We will have a more in-depth look at his efforts to get rid of the electoral college in the coming weeks.

But that wasn’t the only news Golisano broke while he was on with us.  Sports fans in Western New York (full disclosure, my hometown) are worried about the future of the NFL Buffalo Bills.  Golisano is credited with saving the Sabres franchise and now many are wondering if he plans to do the same for the Bills, when current owner Ralph Wilson passes away. (Wilson is in his 90’s and hasn’t given a clear indication for the future of the team).

Here is what Golisano told me:

I’m concerned about the Buffalo Bills, ever leaving the community of Buffalo, I think it would be a terrible shame. I have made the commitment that if that likelihood appears to be happening, I will try and get involved and see what I can do to prevent it.” – B. Thomas Golisano on NBC12 First at 4, 7/19/2011

You can see the full interview with Golisano below:

Written by Ryan Nobles

July 19, 2011 at 5:22 pm

Kaine hammers GOP on debt ceiling, calls out Allen for ’03 vote

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There are times to play politics and there are times to govern. Former Governor Tim Kaine believes that republicans in Washington are playing a dangerous game with the debt ceiling debate and it is all for political gain, at the worst possible time.

In an extensive interview Thursday, Kaine, who is running for the U.S. Senate from Virginia, told me that the GOP cares little about the country and more about making President Barack Obama look bad.

“(Republicans are saying) we don’t want to do a deal because it might help President Obama,” said Kaine. “It’s not President Obama that is the issue here, it is the Country.”

Throughout the entire debt ceiling debate, former Senator George Allen, the front runner for the GOP nomination for U.S. Senate,  has been a strong supporter of the GOP plan dubbed “cut, cap and balance”.  Cut the budget, cap spending to a percentage tied to gross domestic product and constitutionally require the federal government to balance the budget.  He, like the republicans in Washington making this case, believe that the debt ceiling debate is a perfect time to address this proposal.

His spokesman Bill Riggs said in a statement that Allen, unlike Kaine, does not believe tax increases should be involved in the discussion in any way.  That fight, said Riggs is not about politics like Kaine claims, it is about the unemployment rate.

“The question is, why would Chairman Kaine want to raise taxes a trillion dollars with unemployment already at 9.2%, knowing it will adversely impact job creation?”  Riggs asked.

Kaine doesn’t buy that Allen cares about spending cuts, because if he did why didn’t he use the opportunity to reign in spending when he voted four different times to raise the debt ceiling? In 2003, Allen passed on the chance to vote for an amendment that would require congress to specifically identify how the government will pay for any spending increases.  If they money wasn’t there, it couldn’t be passed. The policy is called “pay-go”.

At the time the GOP was in control and the amendment was designed to make a point about the debt ceiling increase. Allen voted against it.  Kaine believes that if the amendment had passed then, the deficit would not be nearly the problem it is now.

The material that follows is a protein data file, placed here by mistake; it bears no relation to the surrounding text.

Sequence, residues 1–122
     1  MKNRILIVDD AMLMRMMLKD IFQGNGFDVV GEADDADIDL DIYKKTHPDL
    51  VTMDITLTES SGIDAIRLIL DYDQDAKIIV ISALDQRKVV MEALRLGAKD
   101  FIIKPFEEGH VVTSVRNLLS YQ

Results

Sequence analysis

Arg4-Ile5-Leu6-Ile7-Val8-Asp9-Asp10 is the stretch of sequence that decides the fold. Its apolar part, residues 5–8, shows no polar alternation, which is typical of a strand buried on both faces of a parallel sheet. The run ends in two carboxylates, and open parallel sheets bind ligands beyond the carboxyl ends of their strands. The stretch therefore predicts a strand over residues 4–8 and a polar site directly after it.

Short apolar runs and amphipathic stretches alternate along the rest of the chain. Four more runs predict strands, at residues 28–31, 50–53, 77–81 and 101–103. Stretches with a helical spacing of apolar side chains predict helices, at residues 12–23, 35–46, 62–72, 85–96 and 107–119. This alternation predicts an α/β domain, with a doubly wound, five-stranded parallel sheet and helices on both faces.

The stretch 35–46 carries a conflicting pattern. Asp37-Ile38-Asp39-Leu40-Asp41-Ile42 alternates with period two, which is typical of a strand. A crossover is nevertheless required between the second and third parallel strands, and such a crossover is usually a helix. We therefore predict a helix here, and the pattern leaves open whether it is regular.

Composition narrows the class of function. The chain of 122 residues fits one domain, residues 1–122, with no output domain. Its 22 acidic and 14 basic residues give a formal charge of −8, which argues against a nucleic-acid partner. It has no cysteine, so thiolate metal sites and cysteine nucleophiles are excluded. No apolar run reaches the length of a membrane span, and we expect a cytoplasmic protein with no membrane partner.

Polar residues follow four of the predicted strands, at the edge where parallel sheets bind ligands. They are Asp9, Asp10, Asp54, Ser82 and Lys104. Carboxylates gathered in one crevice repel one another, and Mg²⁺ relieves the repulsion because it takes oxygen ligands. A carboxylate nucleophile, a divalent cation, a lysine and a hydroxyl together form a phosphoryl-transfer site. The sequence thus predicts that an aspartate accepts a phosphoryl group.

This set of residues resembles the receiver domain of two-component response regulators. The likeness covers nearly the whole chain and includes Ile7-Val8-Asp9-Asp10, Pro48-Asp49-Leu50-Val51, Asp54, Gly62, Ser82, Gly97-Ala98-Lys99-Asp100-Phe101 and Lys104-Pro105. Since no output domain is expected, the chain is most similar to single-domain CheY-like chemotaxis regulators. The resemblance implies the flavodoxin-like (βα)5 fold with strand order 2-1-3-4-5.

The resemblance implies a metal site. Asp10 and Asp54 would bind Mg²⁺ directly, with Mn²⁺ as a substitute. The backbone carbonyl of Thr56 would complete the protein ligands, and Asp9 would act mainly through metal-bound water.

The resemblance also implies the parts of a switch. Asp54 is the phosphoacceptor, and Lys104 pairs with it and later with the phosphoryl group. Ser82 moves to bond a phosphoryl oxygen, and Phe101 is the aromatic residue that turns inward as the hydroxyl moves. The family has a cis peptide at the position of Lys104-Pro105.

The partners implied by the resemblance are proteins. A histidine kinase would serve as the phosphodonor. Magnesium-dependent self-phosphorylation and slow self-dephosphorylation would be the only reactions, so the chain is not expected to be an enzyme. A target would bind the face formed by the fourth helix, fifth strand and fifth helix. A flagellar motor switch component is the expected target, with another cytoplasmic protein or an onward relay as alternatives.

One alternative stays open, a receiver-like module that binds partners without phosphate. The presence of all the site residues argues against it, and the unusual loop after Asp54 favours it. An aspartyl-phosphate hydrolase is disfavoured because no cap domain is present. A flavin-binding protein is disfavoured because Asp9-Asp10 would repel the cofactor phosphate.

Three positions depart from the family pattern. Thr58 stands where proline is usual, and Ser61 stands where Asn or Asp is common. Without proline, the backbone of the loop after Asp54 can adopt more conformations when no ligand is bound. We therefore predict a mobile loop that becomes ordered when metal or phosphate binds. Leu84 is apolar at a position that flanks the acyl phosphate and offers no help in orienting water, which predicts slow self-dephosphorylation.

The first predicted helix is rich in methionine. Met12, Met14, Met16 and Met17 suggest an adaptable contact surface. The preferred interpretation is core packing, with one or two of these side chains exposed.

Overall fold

“If the pay-go restriction had been put into place much of the issues that we are dealing with today in the deficit might not have been even issues that we had to deal with,” Kaine said.

Team Allen, however points out that the issues of 2003 are much different from 2011. The debt in 2003 was around $7 trillion, now it is hovering north of $14 trillion.  They believe that the problem can be reigned in with their three-pronged cut, cap and balance with no tax cuts.  Kaine and the democrats believe new revenues of some kind are a necessity.  According to Riggs, that is the problem.

“As Governor, Chairman Kaine advocated and pushed for billions in tax increases,” Riggs said.  “And now it seems he’s standing with his Democrat friends in Washington to raise taxes again.”

But despite Kaine’s rejection of debt ceiling politics, perhaps his most powerful supporters has admitted that he used the debt ceiling for just that end.  President Obama himself,  voted against raising the debt ceiling in 2006, as a young senator, toiling away in the minority.  As the debt ceiling debate began to ramp up, the President admitted that from his new perch in the White House, the issue is far to grave to mess around with.

I asked Kaine about the President, and he refused to be critical of the ’06 vote, but primarily because he claimed to not know enough about it.

“I am not a student of that vote,” said Kaine. He went on to say that depending on the situation a point can be made with a debt ceiling vote.  Where republicans have gone wrong it is on their insistence that score political points against the president.

“You don’t use an economic catastrophe as leverage, you don’t use a government shutdown as leverage,” he said. ” If you do that you are just using pure politics, rather than trying to solve a problem.”

Extended clips from Kaine on debt ceiling politics, including President Obama’s vote as Senator can be found below:

The full statement from Bill Riggs, Press Secretary for George Allen  is below: